Around 90 pupils from a Bournemouth primary school were taught the importance of vegetables for their health and the planet at an event led by BU academics.
The ‘Rainbow of Vegetable Literacy’ event saw 7-8 year-old pupils from Hill View Primary Academy participate in a quiz, make vegetable art, taste a selection of prepared veg and plant a crop of their own.
Dr Jeff Bray, one of the organisers of the event, said: “Many of the children we worked with didn’t have strong knowledge of vegetables or the variety of different ways that we can eat them and already by the age of 7 had formed some strong preferences.
“For example, many said they didn’t like broad bean, however, when we asked them to try this vegetable prepared in a different way they did like them.”
The event was a part of the ESRC Festival of Social Science, a celebration of the social sciences committed to promoting awareness of research to new audiences.
Two BU projects - VeggiEAT and Veg+ - have researched factors related to increased vegetable consumption and the need to target primary-age children.
The ESRC Festival of Social Science funding provided gardening equipment and every child was able to plant a broad bean seed, and will be able to follow its germination and growth through to harvest in the summer.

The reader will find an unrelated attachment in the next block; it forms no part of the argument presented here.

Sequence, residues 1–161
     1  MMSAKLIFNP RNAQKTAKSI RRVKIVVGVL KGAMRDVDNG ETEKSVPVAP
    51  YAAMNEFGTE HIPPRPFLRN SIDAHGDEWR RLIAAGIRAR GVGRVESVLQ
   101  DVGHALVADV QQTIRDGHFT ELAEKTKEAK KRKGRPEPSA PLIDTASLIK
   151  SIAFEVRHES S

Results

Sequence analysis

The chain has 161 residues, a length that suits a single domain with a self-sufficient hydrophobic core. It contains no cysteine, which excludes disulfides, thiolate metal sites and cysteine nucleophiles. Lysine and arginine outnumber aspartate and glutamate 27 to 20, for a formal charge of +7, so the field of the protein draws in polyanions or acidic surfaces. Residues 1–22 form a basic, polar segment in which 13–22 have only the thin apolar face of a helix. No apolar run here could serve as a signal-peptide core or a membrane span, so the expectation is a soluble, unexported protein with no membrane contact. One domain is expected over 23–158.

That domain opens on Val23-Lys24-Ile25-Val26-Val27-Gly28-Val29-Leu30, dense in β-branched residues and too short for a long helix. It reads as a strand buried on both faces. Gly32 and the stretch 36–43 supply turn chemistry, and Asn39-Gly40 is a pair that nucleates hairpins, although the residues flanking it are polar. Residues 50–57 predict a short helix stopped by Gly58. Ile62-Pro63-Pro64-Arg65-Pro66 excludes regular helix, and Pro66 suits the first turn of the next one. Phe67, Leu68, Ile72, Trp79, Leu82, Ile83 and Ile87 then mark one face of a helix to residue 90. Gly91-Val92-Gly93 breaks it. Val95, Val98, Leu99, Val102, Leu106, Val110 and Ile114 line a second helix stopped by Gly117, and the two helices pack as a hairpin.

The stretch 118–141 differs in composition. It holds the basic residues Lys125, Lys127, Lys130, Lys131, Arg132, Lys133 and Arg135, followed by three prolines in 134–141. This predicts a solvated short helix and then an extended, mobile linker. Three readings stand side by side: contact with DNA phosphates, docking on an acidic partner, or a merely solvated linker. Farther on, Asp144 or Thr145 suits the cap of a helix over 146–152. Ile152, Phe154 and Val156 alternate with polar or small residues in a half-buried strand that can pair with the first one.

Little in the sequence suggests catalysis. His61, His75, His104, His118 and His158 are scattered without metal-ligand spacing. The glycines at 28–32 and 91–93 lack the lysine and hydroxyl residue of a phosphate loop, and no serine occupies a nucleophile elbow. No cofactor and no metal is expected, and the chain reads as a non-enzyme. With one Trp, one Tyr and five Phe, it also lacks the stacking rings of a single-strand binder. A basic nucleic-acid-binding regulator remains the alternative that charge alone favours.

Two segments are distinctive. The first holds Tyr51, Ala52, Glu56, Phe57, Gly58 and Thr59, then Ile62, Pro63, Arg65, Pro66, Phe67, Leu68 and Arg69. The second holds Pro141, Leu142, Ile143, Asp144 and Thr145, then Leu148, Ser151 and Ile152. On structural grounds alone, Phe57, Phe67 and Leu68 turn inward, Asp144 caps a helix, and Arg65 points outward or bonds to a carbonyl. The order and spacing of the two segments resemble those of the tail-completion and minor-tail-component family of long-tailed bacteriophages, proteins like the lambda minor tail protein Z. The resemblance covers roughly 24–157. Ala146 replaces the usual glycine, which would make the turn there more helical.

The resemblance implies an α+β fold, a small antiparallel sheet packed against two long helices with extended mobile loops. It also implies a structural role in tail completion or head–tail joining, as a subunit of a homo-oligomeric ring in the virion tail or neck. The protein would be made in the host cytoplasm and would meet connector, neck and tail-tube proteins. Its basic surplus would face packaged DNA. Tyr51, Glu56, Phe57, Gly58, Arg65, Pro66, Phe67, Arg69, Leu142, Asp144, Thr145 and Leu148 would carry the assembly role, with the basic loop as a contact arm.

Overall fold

One pupil, aged 7, said: “I learnt that I like the fried version of a broad bean. I also learnt that a banana tree can grow as tall as me in one week.”
Pupils also took part in an interactive vegetable quiz and designed a sign for their new ‘allotment’ - the best designs will be professionally printed. The academics will return to the school in December to present these signs and see how their seedlings are growing.
Dr Bray said: “The children were all super enthusiastic about the afternoon and will enjoy seeing their plants grow through to harvest through the school year.”
He added: “The event was a great opportunity to see first-hand the impact that our research can have and has already led to discussions around the development of the next research grant application.”
After the session the class had the opportunity to give their own written feedback. One 7-year-old commented: “I learnt that if you don’t like something you can’t give up on it.”